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Second Estimate of GDP for the Second Quarter of 2014

Today’s revision affirms that economic growth in the second quarter was strong, consistent with the recent string of solid job growth and improvements in other economic indicators.

Today’s revision affirms that economic growth in the second quarter was strong, consistent with the recent string of solid job growth and improvements in other economic indicators. But there's more work that needs to be done to build on this momentum. That is why the President continues to act on his own to facilitate investment in American manufacturing, energy, and infrastructure, as well as take steps to improve the financial security of working families.


1. Real gross domestic product (GDP) increased 4.2 percent at an annual rate in the second quarter of 2014, according to the second estimate from the Bureau of Economic Analysis. The strong second-quarter growth represents a rebound from a first-quarter decline in GDP that largely reflected transitory factors like unusually severe winter weather and a sharp slowdown in inventory investment. Growth in consumer spending and business investment picked up in the second quarter, and residential investment increased following two straight quarters of decline. Additionally, state and local government spending grew at the fastest quarterly rate in five years. However, net exports subtracted from overall GDP growth, as imports grew faster than exports. Real gross domestic income (GDI), an alternative measure of the overall size of the economy, was up 4.7 percent in Q2.

2. Second-quarter real GDP growth was revised up 0.2 percentage point from the advance estimate released in July. The contribution of business investment to growth was revised up 0.4 percentage point, as investment in both structures and equipment grew faster than previously reported. The net export contribution to growth was also revised up, by 0.2 percentage point. These upward revisions were partially offset by a 0.3 percentage point downward revision to the contribution from inventory investment, and small revisions to other components. 

3. Over the last four quarters, real GDP has risen 2.5 percent, faster than the 2.0 percent annualized pace observed over the preceding eight-quarter period. Looking at four- and eight-quarter changes to smooth some of the quarter-to-quarter volatility, it is clear that many components of GDP are showing improvement. The growth rates of consumer spending, business investment and exports have all picked up, and the pace of declines in the Federal sector have moderated a bit. In addition, the State and local government sector has turned positive, after several years of steady cutbacks. One area that has slowed over the last four quarters is residential investment, which is discussed in greater detail in the next point.

4. Real residential investment rose 7.2 percent at an annual rate in the second quarter, following two straight quarters of decline. Previously, residential investment had expanded in 10 straight quarters from 2011:Q2 through 2013:Q3. The weakness in residential investment in 2013:Q4-2014:Q1 was in large part due to a drop in brokers’ commissions and other ownership transfer costs, which are included in residential investment but are generally reflective of home sales rather than construction activity. In the second quarter, the “other” components of residential investment (brokers’ commissions, home improvements, dormitories, and manufactured homes) returned to growth, and single- and multi-family construction continued to grow, leading to a gain in overall residential investment. Nevertheless, the level of residential construction activity represented 3.2 percent of GDP in the second quarter, still well below its average of 4.6 percent from 1960 to 2000.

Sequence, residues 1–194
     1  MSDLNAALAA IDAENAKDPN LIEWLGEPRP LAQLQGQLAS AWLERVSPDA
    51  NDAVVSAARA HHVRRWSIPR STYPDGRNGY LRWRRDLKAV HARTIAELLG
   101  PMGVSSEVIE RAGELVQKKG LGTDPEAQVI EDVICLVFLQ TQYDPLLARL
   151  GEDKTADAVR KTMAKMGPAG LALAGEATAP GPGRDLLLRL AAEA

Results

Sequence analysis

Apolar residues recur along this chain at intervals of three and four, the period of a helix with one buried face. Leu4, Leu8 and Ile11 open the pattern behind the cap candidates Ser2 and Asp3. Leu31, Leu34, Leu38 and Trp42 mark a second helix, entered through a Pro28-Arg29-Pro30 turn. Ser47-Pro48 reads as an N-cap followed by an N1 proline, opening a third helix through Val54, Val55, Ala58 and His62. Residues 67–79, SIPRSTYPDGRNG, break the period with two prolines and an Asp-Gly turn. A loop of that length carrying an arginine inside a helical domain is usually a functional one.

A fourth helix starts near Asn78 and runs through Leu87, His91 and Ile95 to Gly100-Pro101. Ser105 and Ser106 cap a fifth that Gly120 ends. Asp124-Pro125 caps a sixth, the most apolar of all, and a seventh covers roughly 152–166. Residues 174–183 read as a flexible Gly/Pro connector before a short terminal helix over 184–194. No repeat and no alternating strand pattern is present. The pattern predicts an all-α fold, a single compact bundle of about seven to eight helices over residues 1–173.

5. Real private domestic final purchases (PDFP) -- the sum of consumption and fixed investment -- rose 3.5 percent at an annual rate in the second quarter. Real PDFP growth is generally a more stable and forward-looking indicator than real GDP because it excludes highly volatile components like inventory investment and net exports. For instance, in the first quarter, consumption and fixed investment posted positive growth, while the decline in overall GDP mostly reflected drops in the inventory investment and net export components. In the second quarter, consumption and fixed investment grew strongly, but by somewhat less than overall GDP, which received a boost from inventory investment that was only partially offset by falling net exports.

As the Administration stresses every quarter, GDP figures can be volatile and are subject to substantial revision. Therefore, it is important not to read too much into any one single report and it is informative to consider each report in the context of other data that are becoming available.

Jason Furman is Chairman of the Council of Economic Advisers.